Israeli Banknotes

Israeli currency was first printed from the beginning of the mandate period. Thence the currency evolved.

There were also coins. I wrote about them here.

My oldest such banknote is from 1948.



The Palestine Pound was used since 1927 when it replaced Egyptian currency in Israel. It also found use in Transjordan Palestine. In 1952 the "Anglo Palestine Bank" renamed itself "Bank Le'umi Le'Yisrael" (Israel National Bank) and the "Palestine Pound" was hebraised and became the "Israeli Lira" (with "lira" being the Italian word for "pound" used by the Ottoman Empire) and was then finally replaced by the (even more hebraised) Israeli Shekel (with "shekel" being the Hebrew word for a certain weight less than a pound) and the Israeli New Shekel.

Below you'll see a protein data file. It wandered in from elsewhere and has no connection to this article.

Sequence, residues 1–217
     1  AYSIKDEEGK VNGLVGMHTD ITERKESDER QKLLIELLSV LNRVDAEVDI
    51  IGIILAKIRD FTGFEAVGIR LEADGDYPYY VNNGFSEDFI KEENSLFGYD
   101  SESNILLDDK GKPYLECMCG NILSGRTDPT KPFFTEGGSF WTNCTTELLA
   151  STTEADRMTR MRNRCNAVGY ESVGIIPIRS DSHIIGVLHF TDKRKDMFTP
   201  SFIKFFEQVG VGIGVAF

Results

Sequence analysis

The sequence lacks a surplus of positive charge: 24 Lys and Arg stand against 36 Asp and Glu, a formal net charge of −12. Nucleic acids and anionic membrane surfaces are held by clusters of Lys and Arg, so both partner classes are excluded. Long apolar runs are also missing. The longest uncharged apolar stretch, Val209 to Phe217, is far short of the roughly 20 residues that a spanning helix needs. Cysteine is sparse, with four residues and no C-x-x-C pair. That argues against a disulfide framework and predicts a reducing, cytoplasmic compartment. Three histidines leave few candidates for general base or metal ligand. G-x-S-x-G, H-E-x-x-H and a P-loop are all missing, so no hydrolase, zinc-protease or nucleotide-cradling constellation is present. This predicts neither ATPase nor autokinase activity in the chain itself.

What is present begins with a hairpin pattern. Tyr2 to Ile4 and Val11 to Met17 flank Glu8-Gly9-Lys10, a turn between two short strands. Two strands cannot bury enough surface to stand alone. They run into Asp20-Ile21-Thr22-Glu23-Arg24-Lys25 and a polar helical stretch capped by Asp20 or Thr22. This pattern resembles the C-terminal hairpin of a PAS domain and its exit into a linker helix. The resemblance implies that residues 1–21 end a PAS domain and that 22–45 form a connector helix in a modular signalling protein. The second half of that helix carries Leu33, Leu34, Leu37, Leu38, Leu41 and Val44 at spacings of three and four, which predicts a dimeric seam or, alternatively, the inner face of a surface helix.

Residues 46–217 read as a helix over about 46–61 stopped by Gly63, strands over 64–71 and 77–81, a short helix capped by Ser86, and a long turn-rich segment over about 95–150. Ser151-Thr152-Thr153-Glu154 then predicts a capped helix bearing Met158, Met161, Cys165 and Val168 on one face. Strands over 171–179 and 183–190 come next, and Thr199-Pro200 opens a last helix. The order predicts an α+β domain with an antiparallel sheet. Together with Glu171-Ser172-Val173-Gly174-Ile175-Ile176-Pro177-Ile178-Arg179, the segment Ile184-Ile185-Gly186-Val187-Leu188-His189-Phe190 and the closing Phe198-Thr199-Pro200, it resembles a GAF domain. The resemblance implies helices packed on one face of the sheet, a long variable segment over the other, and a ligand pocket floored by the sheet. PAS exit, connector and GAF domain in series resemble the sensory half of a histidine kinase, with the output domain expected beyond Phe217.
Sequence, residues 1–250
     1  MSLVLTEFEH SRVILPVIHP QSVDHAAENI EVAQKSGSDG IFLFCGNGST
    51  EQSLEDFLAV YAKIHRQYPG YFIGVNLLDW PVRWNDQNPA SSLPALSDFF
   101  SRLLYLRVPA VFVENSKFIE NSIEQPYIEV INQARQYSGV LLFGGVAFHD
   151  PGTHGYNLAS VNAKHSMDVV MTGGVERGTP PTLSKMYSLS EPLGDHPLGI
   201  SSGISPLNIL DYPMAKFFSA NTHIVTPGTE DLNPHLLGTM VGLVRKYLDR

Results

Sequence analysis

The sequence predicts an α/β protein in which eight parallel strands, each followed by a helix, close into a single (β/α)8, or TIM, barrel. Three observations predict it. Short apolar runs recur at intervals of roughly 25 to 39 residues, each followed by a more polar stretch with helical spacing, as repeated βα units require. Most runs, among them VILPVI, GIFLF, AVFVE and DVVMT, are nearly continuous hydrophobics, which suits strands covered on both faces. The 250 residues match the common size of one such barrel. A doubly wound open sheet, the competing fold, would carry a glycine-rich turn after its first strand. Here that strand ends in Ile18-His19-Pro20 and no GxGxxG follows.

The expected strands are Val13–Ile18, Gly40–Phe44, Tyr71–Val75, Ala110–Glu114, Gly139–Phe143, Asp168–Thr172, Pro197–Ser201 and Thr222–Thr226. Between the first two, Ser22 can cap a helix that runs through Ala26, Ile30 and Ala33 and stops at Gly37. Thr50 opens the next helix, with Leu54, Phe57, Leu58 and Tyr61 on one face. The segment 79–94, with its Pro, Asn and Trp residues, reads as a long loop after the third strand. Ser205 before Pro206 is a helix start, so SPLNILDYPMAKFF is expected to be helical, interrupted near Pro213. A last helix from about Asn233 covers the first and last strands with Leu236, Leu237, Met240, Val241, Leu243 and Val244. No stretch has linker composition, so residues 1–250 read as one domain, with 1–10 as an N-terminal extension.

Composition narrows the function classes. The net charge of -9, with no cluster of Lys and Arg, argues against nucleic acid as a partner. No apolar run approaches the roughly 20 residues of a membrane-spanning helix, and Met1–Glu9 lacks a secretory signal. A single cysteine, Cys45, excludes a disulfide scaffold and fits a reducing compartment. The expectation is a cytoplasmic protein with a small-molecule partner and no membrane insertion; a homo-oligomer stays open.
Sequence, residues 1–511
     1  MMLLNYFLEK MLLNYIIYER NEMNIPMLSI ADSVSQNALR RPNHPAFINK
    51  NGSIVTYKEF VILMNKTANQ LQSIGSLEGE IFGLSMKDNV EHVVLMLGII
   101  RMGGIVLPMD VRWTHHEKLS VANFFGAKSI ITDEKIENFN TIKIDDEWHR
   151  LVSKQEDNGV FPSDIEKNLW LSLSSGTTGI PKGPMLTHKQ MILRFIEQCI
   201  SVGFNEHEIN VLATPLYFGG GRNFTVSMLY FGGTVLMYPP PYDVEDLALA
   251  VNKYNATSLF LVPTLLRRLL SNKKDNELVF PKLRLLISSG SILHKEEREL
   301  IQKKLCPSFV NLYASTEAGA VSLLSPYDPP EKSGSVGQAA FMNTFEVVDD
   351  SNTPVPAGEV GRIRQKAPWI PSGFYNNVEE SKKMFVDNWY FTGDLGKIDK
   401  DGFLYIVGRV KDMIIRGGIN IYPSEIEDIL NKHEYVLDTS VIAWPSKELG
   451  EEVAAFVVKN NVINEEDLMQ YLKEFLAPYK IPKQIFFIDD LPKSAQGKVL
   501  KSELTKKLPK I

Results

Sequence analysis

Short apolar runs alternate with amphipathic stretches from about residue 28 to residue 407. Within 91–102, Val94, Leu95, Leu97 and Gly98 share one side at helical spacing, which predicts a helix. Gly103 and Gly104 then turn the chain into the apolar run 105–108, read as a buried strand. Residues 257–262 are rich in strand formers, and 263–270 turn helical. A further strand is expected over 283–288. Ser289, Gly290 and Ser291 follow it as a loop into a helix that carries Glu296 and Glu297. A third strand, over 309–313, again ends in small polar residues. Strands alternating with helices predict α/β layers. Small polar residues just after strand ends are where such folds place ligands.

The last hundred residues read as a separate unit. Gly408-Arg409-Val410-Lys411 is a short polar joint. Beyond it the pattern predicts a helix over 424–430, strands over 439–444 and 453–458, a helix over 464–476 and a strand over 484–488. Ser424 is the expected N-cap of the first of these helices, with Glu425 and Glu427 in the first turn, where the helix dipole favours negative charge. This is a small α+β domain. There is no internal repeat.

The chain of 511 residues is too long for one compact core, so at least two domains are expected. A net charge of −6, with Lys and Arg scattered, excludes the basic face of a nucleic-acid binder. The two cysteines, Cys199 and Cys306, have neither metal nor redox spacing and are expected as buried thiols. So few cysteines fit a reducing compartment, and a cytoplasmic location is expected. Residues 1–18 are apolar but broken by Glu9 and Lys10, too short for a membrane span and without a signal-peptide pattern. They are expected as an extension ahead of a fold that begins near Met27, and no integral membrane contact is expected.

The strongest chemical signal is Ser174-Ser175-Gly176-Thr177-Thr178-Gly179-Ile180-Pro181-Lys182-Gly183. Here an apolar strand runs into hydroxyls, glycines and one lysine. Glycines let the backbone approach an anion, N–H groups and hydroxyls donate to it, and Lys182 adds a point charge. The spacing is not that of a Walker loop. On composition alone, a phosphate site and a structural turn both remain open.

Israeli Lira had the adorable socialist paradise look fashionable in the 1950s.

The strong, happy labourer (with a moustache and otherwise clean-shaven, not religious) and the female farmer (also strong and happy) were now in power.

The obverse of the notes showed artefacts from Israelite history and the words "Bank of Israel" in Hebrew, Arabic and English.

In 1968 there was an Albert Einstein bank note:



Albert Einstein nearly became the first president of Israel after independence. He apparently declined because he didn't want to be a politician (or be near politicians).

 © Andrew Brehm 2016